Ben Aldridge, Kristen Cui, Jonathan Groff and Dave Bautista in Knock at the Cabin.

Dave Bautista impresses with his acting chops in Knock at the Cabin, the latest from M. Night Shyamalan. It’s a solid effort from the wobbly M. Night, who can be so very frustrating with some of his directorial choices. This is slow and almost-steady M. Night rather than completely goofy, twisty M. Night.

That’s not to say some of his bad tendencies don’t creep in at times, but with solid source material in Paul Tremblay’s novel, The Cabin at the End of the World, and two co-screenwriters chipping in, much of the goofy Shyamalan is dialed down in favor of almost-grounded Shyamalan.

The result is one of his better recent efforts—a dark, thought-provoking thriller, and a good chance for some solid actors, including Bautista, to deliver a clinic in end-of-the-world cinema.

Shyamalan scores a winner with the casting of young Kristen Cui as Wen, the daughter of two dads, Eric (Jonathan Groff) and Andrew (Ben Aldridge). This is Cui’s feature debut, and she’s one of anchors that make the film come together.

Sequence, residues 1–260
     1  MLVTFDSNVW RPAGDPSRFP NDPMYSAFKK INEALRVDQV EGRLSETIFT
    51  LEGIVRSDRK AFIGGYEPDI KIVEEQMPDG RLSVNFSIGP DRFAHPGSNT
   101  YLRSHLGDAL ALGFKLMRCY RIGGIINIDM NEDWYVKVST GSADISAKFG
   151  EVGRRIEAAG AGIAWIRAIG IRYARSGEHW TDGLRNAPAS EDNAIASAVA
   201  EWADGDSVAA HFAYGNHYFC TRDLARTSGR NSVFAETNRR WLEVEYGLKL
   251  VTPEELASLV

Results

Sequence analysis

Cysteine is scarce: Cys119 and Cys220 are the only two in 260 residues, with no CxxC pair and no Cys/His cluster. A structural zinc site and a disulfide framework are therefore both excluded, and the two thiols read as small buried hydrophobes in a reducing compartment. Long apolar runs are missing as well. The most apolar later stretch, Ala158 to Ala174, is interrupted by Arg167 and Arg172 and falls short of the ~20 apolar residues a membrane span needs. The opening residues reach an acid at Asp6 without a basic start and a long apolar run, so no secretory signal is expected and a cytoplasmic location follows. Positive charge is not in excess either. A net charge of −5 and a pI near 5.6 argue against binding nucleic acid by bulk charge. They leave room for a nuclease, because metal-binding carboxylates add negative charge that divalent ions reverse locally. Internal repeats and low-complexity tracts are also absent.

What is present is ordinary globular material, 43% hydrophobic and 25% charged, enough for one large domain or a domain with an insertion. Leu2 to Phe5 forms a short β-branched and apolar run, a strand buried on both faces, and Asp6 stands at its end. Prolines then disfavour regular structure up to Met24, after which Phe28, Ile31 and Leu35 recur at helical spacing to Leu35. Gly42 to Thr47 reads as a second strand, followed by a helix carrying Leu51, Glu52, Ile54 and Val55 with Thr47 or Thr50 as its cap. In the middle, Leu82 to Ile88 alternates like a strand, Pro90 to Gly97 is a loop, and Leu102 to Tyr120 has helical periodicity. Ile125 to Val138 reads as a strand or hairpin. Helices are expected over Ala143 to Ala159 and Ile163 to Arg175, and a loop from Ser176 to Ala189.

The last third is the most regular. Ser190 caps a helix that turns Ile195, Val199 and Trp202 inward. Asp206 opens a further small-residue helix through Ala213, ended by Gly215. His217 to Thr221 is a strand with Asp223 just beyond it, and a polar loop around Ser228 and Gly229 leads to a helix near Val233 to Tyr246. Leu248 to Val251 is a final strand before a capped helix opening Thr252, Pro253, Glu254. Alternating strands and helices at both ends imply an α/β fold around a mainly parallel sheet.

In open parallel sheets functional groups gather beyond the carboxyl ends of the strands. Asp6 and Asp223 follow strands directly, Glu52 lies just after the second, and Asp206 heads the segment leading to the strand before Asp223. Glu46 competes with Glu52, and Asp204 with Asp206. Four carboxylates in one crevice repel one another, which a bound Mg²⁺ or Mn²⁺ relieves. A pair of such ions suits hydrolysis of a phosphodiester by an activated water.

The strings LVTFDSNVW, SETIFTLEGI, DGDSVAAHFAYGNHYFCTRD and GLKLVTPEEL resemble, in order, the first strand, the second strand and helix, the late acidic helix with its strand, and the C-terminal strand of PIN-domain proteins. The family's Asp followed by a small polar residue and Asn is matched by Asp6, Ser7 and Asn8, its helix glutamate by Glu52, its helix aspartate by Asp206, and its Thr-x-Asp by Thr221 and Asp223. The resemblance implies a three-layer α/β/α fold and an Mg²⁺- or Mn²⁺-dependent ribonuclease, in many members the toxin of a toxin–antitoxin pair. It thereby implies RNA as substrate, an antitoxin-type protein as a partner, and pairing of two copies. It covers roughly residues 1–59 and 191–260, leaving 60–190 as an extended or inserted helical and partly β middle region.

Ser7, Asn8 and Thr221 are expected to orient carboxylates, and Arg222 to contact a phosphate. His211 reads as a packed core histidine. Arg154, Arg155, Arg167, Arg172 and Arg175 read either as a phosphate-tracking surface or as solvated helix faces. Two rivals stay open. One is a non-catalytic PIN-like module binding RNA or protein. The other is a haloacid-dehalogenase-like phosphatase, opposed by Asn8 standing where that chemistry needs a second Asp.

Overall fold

Wen and her dads are vacationing at a cabin in the forest when a giant man named Leonard (Bautista) shows up. He seems kind enough as he greets Wen and helps her catch grasshoppers—but he and three other strange people are not there to jar insects. The end of the world is apparently near, and Wen and her dads are a key component regarding whether the planet is doomed.

Are Leonard and his companions a crazed religious cult, or are they truthtellers regarding the end times? As a mystery-thriller, the movie is more than efficient—and thankfully free of the usual “Shyamalan Twist.” The film plays out in a manner that is semi-convincing rather than manipulative and unfair.

There are times when the film drifts into traditional Shyamalan “Oh, gimmee a break!” territory (Wen’s TV tantrum is a bust), but never to the point of no return. By the time the film wrapped, it felt like I’d just seen a good, but not great, movie.

Knock at the Cabin shows that Shyamalan is still pretty far away from his masterpiece effort, the classic Signs—but at least he is distanced from crap like The Happening and The Last Airbender, which almost ruined his career.

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